Way back in training camp — long before the injuries that decimated Baltimore’s roster and the Joe Flacco-to-Jacoby Jones Hail Mary that saved their season — Ravens lineman Marshal Yanda had a simple message for his Ravens teammates: “embrace the grind.”
Yanda reiterated that message, as reported by ESPN’s Sal Paolantonio, as the Ravens prepared to face the San Francisco 49ers in Super Bowl XLVII earlier this month – a game they ultimately won thanks to a gritty goal-line stand.
That statement — embrace the grind — should resonate with any athlete, and any person working toward a goal for that matter. It’s the screen saver on my phone — and my playing days are over.
Working hard isn’t always fun. It’s rarely glamorous and easily overlooked, but hard work should certainly be embraced. Maybe not loved (I’ll be honest), but certainly embraced.
It should be included as something broader, which is one part of the definition.
Those 6 a.m. lifting sessions? Give them a mental hug and say, “I know you’ll make me better.” The shuttle runs on the football field, in the midst of the July heat? Another mental hug — they’re making you even sharper. The crazy additional workout on account of your teammate not being where he or she was supposed to be even though you were on time? Give that one a mental high five and keep it moving.
One thing you don’t have to question as you embrace your grind is that there will be obstacles, sacrifices and tough times, but don’t let that discourage you. Embrace those times because they’re coming, but the rewards await on the other side.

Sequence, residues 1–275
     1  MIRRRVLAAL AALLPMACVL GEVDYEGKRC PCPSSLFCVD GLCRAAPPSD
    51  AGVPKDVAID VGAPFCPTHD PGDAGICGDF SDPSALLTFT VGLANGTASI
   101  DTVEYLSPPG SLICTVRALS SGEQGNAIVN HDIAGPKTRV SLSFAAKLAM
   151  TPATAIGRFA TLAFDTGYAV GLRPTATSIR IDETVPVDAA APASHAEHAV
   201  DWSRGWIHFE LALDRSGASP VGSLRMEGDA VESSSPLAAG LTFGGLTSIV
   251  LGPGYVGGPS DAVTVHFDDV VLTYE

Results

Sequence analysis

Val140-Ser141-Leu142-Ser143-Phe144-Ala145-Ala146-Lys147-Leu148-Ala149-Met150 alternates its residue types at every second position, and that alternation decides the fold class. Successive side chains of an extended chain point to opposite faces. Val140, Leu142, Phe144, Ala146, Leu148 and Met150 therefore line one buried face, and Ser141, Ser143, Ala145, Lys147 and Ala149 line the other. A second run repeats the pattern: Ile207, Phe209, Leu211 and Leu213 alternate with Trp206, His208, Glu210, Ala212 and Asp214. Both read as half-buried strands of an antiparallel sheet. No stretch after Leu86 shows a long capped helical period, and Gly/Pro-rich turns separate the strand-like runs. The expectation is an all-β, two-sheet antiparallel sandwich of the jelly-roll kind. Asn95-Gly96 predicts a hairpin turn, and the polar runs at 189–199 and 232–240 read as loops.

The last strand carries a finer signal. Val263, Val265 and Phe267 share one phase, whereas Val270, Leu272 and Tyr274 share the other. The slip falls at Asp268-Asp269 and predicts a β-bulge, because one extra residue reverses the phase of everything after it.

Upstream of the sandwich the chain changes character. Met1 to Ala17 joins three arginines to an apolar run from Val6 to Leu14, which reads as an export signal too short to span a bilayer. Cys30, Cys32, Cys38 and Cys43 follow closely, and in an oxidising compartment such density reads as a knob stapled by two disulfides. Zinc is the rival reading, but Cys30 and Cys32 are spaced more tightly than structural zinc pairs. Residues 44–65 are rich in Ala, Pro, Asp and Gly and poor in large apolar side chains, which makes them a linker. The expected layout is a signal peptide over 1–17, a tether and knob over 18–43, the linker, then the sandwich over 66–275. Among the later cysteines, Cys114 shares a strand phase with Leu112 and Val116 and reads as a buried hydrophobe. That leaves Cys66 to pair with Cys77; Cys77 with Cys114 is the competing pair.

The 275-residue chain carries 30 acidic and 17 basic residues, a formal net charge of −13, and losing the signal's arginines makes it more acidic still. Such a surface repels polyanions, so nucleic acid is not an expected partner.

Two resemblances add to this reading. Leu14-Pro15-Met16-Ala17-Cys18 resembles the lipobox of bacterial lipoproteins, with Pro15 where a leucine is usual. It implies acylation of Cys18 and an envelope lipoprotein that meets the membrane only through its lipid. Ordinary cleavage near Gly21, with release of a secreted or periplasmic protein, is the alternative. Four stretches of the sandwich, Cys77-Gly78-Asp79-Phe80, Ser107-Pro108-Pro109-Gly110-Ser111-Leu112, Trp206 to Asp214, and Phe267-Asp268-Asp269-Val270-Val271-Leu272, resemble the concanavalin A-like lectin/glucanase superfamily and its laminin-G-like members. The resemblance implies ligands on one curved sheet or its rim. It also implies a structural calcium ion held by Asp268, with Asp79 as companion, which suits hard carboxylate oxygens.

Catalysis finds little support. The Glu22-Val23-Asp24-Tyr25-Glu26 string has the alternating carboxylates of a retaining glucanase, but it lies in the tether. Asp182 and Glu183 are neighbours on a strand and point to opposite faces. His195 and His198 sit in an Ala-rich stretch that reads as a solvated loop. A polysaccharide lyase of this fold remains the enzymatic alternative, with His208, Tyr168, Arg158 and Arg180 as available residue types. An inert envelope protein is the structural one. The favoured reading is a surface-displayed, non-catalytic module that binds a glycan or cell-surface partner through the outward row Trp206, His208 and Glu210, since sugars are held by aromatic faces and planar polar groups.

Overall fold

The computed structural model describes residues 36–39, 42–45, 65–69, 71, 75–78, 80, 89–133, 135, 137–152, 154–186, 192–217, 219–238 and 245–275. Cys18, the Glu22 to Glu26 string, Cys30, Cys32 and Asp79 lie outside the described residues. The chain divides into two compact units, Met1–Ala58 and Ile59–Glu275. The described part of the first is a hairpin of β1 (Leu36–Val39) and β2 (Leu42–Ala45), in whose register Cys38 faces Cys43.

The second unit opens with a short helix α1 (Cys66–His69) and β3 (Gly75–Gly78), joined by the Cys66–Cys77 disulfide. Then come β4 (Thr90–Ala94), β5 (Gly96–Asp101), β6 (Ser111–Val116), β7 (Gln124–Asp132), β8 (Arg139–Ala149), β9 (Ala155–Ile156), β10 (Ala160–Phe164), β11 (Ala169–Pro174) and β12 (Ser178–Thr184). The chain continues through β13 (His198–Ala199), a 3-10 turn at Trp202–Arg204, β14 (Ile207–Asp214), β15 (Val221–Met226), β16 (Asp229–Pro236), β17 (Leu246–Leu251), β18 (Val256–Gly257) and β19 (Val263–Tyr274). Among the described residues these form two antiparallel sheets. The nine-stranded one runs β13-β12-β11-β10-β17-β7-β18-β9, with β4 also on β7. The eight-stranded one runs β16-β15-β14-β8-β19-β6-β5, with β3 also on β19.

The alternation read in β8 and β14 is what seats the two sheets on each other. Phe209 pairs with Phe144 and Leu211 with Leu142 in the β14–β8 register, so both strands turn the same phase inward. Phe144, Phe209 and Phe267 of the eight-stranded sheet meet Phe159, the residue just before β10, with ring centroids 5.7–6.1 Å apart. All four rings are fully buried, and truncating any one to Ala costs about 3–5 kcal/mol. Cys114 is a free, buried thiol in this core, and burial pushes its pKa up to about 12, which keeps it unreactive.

It’s a mental game, just like the majority of competitive athletics. There are more times than I care to count through my career that I dreaded whatever was ahead of me. I can remember postseason workouts that I would have sold my limbs to end. Coaches know there’s no reason to save your energy when the season is over, so they don’t. Instead, they focus on areas of weakness with a scrutinizing eye.
I loathed ball-handling drills, and my coaches knew that. If there was one I had to psych myself up for, it was one-on-one ball handling drills with my assistant coach. There were times I was near tears with frustration, but I pushed through it. I learned to embrace my grind.
You have to embrace the good, bad and ugly about your sport. If you think it’s always fun, then you’re probably just around for the camaraderie — and that’s fine. But it’s important to be honest with yourself.
I look back on my high school and college career fondly and will talk to anyone that is willing to listen, but when I say I spent nearly every Saturday morning in the gym with my dad working on my craft, I mean it. I wasn’t there taking pictures of my shoes, or having someone snap photos of me shooting to post on Instagram. I was embracing my grind, quietly, in the gym as the sun was coming up.
Whatever you sport, if you’re serious about success at the next level, you’ve probably already faced a fair share of obstacles and made sacrifices. Now is the time in your career to reflect on how you’ve handled them. Were they so burdensome that you threw a hissy fit? Or did you knock them out with a positive attitude? If you learn to embrace them now, you can lay the foundation to wrap your mind around the bigger obstacles that are sure to come at the next level.
Monica McNutt was an All-Met basketball player at Holy Cross Academy who went on to star for the Georgetown women’s team. She will be offering advice to high school athletes who are looking to make the leap to college sports
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